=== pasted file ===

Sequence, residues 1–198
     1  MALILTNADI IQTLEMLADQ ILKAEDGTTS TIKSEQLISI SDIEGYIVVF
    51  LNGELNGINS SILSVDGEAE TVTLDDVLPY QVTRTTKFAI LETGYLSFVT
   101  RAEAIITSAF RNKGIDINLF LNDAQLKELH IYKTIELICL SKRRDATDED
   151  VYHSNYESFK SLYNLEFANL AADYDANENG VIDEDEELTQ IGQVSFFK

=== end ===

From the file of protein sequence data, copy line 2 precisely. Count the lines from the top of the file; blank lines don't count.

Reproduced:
     1  MALILTNADI IQTLEMLADQ ILKAEDGTTS TIKSEQLISI SDIEGYIVVF